The primary goal in cooling is to avoid experiencing heat. Keep the sun out, let cool breezes in, turn off your lights and appliances, and seek the coolest spot indoors or out. The summer sun is a potent heat source; it affects your house primarily on
Stay Cool in the Shade
Being in shade is one of the best ways to avoid the sun’s heat. Windows are far more vulnerable to summer sun than walls or roof; they account for 40–50% of a home’s unwanted heat. Shading outside these windows will stop the sun before it strikes the glass.
Overhangs, Awnings, Blinds, Screens
At south windows, awnings or long roof overhangs can block the high-noon summer sun. It’s generally easier to install awnings than to add a roof overhang to an existing house.
For east and west windows, awnings, exterior roll blinds, or shade screens can be effective. If you also have a roof overhang, you might be able to preserve the view by installing a shade screen over the lower half of the window, while the overhang protects the upper part. Exterior blinds and screens will probably need to be secured against strong winds, and should be easily removable for cleaning.
Interior blinds provide some shading, but when the sun penetrates the glass, its heat has already entered your home. However, interior blinds have some advantages. They’re easier to maintain, they aren’t buffeted by winds, and they stay much cleaner. They are also easy to control from inside, and they bounce sunlight up toward the ceiling rather than into your eyes. For best performance, the exterior side of the blind should be white, to reflect the sunlight outward.
Shrubs and trees are a beautiful way to shade your windows. You’ll get the greatest benefit by selecting, placing, and maintaining them with a few pointers in mind:
Trees can cast shade over a wide area, creating a cooler microclimate below them. Deciduous trees allow some winter sun to penetrate when they lose their leaves, which is usually an advantage. Trees and shrubs also emit water vapor, which lowers the air temperature near them while raising the humidity (more desirable in dry than in humid climates). And when trees sway and rustle with the breeze, it’s a psychological reminder of their cooling effect.
Trellises act like living awnings and are especially effective for shading. They can be attached to the house or stand clear of it. They can support deciduous vines that keep their leaves until cool weather begins in late fall and then stay leafless until warm weather begins in late spring. This is especially important for shading south windows; the sun’s path is identical at the equinoxes, but September is usually warm, while March is usually cool.
The trellis vine celebrates seasonal change. If you choose the right species, you’ll get fragrance, color, and edible fruit. But the trellis can’t be adjusted on a daily or hourly basis, while an awning can. A hot spell after leaves have fallen in October, or a cold spell after leaves have appeared in May, can leave you without the shade or sunshine you want.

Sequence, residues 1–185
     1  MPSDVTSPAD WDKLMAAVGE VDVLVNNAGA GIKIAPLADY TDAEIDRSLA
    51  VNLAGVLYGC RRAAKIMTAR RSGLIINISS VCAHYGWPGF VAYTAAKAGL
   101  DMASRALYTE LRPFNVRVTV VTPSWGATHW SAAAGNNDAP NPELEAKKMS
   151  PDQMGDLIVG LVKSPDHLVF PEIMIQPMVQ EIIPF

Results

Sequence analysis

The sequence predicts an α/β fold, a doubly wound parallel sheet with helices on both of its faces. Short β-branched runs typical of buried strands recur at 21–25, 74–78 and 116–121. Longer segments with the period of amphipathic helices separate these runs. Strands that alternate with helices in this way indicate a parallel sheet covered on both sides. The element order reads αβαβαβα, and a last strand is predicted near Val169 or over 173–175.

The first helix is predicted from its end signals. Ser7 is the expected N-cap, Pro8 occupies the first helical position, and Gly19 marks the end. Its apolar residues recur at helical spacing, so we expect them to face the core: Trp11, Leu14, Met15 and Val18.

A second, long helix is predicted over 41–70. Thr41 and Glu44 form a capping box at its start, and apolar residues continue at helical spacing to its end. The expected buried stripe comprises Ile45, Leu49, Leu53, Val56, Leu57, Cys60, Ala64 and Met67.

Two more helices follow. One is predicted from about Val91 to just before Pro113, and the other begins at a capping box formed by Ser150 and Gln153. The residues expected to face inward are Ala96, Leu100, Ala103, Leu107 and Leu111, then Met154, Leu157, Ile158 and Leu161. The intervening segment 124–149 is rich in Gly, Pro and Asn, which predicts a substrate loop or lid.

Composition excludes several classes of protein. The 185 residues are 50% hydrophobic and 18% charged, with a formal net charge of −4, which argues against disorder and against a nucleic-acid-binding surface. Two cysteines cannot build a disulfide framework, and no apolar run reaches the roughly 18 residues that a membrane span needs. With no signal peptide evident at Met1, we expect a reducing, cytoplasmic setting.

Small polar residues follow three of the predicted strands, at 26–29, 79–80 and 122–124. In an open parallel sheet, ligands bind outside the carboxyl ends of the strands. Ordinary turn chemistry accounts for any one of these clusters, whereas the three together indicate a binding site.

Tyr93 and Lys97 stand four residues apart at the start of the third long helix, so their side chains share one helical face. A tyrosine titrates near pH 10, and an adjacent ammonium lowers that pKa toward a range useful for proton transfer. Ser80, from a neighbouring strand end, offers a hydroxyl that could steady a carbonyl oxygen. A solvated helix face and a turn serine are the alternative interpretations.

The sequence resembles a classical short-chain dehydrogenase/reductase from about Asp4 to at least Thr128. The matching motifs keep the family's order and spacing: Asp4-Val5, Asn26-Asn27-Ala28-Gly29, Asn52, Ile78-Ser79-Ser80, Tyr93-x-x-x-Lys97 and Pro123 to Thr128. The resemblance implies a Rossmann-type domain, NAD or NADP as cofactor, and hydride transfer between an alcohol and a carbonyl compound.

A trellis shading south windows needs to be high enough to allow winter sun to fully strike the window, and deep enough to fully shade the window in summer. This also applies to roof overhangs.
A Refreshing Breeze
Cool breezes are often welcome to relieve stuffy rooms—as long as they don’t carry pollen or fumes. Moving air is beneficial in summer, because it helps our bodies lose heat by evaporating sweat, and by removing heat buildup from our homes.
Getting the breeze through your home is a four-step process:
How much window area do you need? Generally, the windward side of your home (the side the wind hits) should have a total openable window area of about 7% of the total floor area, and the opposite (leeward) side should also have about 7%. Internal walls should have a similar open area to avoid obstructing airflow. (Close down your exterior openings as the wind speed increases or the outdoor temperature drops.) This type of cooling is called cross-ventilation.
Window type matters, too. Casement windows cranked entirely open admit nearly all the breeze. Double-hung, single-hung, and sliding windows admit about half the breeze, and awning windows admit about three-quarters.
Screens stop insects, but they also reduce the velocity of the breeze. The dirtier they get, the more they reduce it, so wash your screens often.
Does the wind usually come from one direction in hot weather? (If you’re unsure, see Climate Consultant in the Resources section.) If so, you can use shrubs to direct breeze toward your windows. They can be planted in a V shape, spreading out from the windows that admit the breeze, or from that entire side of the house. If the wind strikes the opening at a diagonal, the shrubs just downwind of the opening can divert flow into the window.
Shrubs can also bring fragrance, and their leaves may rustle in the breeze, reassuring you that cooling is happening. In dry summer weather, misting the shrubs will give you an added touch of cooling by evaporation.
Warm air rises, so to let it out, open the windows highest in your house. Then open the lowest windows. The resulting airflow uses the stack effect, whereby outgoing hot air is replaced by incoming cool air from below. This is particularly effective in two-story homes with basements, because the house’s height creates a stack effect that slowly draws the cooler basement air up to cool the ground floor. The highest opening should not face into the prevailing summer wind, or the warm air may be blown back down into the house.